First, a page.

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Diagnosis of hypothyroidism is important in a clinical setting which may help evaluate and potentially treat the patient.

Primary hypothyroidism is characterized by a high serum thyroid-stimulating hormone (TSH) concentration and a low serum free thyroxine (T4) concentration. On the other hand, subclinical hypothyroidism is defined biochemically as a normal free T4 concentration in the presence of an elevated TSH concentration.

Yet another for is called as Secondary (central) hypothyroidism is characterized by a low serum T4 concentration and a serum TSH concentration that is not elevated to be called s remarkable finding in blood report.

Over 90 percent of all hypothyroidism cases are likely to be Primary and Secondary Hypothyroidism is likely to be a hypothalamic or a pituitary disease and should further be evaluated for a potential mass lesion likely to be present in the pituitary gland or could be associated with other hormonal deficiencies.

Due to errors expected, when only TSH is measured in patients with secondary or central hypothyroidism or TSH-mediated hyperthyroidism, it is recommended that both serum TSH and free T4 be measured in all patients for screening purposes.

Symptoms of hypothyroidism include:

●Lack of energy

●Getting cold easily

●Developing coarse or thin hair

●Getting constipated (having too few bowel movements)

Thyroid hormone normally stimulates the metabolism, and most symptoms of hypothyroidism slow down metabolic processes. Some common symptoms may include fatigue, sluggishness, slight weight gain, and intolerance of cold temperatures.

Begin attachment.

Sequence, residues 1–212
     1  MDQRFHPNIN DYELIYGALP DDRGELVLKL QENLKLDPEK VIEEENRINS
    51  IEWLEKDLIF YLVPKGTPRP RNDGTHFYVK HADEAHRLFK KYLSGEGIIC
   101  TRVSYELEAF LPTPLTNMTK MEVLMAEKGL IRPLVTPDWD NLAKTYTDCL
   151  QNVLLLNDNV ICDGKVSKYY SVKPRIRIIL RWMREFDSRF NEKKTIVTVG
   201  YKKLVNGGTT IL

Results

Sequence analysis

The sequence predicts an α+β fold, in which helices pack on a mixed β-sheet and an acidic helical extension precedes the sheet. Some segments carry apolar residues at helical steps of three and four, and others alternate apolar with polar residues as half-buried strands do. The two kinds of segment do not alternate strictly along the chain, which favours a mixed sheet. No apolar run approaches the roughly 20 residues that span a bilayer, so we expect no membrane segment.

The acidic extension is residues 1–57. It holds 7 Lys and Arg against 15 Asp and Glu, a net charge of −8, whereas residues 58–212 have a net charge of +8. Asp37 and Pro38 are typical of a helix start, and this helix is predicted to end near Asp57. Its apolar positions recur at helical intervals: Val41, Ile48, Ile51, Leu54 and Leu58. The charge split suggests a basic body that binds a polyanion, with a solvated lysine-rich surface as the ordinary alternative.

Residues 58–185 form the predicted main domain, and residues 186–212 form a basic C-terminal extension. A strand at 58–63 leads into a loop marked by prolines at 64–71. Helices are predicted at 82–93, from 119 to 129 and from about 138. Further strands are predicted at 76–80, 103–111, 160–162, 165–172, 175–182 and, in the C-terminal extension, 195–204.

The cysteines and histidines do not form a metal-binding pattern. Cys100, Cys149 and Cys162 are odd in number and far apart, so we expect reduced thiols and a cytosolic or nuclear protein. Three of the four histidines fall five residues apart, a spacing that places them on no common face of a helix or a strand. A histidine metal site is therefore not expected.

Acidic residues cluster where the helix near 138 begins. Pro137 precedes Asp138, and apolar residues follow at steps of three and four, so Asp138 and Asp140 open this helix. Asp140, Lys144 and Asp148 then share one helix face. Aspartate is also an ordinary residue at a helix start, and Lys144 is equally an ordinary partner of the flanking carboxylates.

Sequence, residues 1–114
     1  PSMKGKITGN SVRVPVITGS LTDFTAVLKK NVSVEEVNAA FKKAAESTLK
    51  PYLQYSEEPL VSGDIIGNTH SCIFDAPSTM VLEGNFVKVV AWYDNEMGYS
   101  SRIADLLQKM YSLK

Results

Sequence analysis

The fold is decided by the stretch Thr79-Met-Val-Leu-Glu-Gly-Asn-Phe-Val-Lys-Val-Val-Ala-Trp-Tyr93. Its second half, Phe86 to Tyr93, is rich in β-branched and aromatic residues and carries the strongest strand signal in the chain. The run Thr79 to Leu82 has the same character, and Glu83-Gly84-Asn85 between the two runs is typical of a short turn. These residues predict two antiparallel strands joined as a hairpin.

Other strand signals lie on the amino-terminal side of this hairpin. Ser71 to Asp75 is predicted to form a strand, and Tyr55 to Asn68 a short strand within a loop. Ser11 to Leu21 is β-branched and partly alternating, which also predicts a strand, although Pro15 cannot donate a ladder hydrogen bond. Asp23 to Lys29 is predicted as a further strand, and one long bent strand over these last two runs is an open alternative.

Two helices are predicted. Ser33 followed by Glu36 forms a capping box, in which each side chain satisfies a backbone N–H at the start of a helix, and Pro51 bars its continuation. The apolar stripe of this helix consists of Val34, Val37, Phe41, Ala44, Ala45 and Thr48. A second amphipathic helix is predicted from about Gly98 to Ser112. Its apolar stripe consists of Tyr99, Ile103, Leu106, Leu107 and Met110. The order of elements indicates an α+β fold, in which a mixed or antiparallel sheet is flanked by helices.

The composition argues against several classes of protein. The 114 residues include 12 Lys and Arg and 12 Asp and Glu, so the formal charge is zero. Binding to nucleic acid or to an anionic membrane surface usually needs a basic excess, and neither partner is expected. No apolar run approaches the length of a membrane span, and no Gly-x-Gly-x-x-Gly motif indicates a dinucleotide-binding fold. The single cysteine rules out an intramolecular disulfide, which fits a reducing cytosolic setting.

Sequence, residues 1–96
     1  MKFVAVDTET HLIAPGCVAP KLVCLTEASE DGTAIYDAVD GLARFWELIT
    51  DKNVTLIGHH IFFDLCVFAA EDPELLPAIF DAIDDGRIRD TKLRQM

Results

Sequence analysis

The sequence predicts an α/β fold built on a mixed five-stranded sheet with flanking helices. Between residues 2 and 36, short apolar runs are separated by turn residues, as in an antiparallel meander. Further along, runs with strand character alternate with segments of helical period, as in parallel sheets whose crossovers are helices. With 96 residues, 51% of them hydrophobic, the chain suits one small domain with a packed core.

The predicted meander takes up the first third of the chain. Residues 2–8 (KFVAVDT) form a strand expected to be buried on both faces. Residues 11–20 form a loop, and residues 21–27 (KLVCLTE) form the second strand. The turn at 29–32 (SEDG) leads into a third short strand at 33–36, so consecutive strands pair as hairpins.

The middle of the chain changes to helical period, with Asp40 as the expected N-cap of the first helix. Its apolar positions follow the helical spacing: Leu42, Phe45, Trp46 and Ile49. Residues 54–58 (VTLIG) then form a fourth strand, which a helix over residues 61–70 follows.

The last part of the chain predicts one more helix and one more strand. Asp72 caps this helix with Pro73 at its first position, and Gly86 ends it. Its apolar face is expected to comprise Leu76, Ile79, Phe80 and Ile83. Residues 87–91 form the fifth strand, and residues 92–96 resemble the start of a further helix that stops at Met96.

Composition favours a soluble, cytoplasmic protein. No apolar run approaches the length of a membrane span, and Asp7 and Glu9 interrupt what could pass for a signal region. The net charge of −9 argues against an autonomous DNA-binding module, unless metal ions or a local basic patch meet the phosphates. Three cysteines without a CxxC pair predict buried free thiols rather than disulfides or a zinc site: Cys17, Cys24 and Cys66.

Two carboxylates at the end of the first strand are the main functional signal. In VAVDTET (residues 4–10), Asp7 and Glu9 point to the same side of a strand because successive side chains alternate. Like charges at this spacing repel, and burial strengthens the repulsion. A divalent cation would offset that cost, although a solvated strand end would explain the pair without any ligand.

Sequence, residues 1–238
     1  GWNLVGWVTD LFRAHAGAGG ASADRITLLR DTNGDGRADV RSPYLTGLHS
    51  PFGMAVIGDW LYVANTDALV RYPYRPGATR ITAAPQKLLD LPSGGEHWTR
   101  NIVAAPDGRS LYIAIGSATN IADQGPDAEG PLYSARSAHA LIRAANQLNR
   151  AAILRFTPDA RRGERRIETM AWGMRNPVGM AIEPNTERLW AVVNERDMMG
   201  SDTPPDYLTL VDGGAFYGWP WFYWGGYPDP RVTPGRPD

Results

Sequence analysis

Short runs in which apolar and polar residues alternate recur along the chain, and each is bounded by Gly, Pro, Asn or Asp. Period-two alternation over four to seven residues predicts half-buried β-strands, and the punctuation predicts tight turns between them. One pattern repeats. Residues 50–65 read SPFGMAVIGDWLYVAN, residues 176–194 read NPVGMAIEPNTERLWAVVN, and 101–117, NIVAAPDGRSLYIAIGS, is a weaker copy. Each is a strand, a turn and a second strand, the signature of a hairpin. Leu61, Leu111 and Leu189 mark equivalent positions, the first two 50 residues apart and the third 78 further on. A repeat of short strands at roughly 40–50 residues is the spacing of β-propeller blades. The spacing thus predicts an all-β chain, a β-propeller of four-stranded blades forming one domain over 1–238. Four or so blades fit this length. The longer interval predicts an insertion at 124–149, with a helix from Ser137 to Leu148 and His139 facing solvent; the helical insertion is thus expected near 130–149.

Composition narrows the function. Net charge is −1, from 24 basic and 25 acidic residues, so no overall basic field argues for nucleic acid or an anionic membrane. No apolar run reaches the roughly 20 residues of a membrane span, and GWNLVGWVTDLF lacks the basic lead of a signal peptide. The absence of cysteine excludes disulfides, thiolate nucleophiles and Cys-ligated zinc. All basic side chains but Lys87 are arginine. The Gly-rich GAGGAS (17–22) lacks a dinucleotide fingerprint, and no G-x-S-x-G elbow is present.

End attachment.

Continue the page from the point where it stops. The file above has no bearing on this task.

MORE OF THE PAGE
Largely hypothyroidism is a permanent condition and may require lifelong treatment. Thyroid hormone replacement therapy is recommended in most cases other than, people who have hypothyroidism which is transient (as after painless thyroiditis or subacute thyroiditis) or reversible (due to a drug that can be discontinued).

ATA goes ahead and reports, “ Hypothyroidism that begins before birth and through the age of 3, when left untreated, puts babies and children at risk for mental retardation. Untreated severe hypothyroidism slows both brain development and physical growth (cretinism). In the United States and some other developed countries, all babies are tested for hypothyroidism a few days after birth so that they can be diagnosed and begin treatment right away , if hypothyroid”.

The worse untreated hypothyroidism beco m es, the less the b o dy is able to cope with stre s sors li k e cold weat h er, infectio n s or even minor surgery. Severe hypothyroidism is called myxedema. Usually it takes years for hypothyroidism to reach the point of myxed e m a, but people who do not have a t h y r o i d ( be c ause o f surgery or radioactive iodine treat m ent) can progress to m yxede m a in months. In people with m yxed e ma, the body slows to the point that it s t arts to shut down. At its worst, the person falls into a co m a. To s urvive a m yxede m a co m a, people need good supportive care in the hospital intensive care unit. M yxedema is now rare in developed countries

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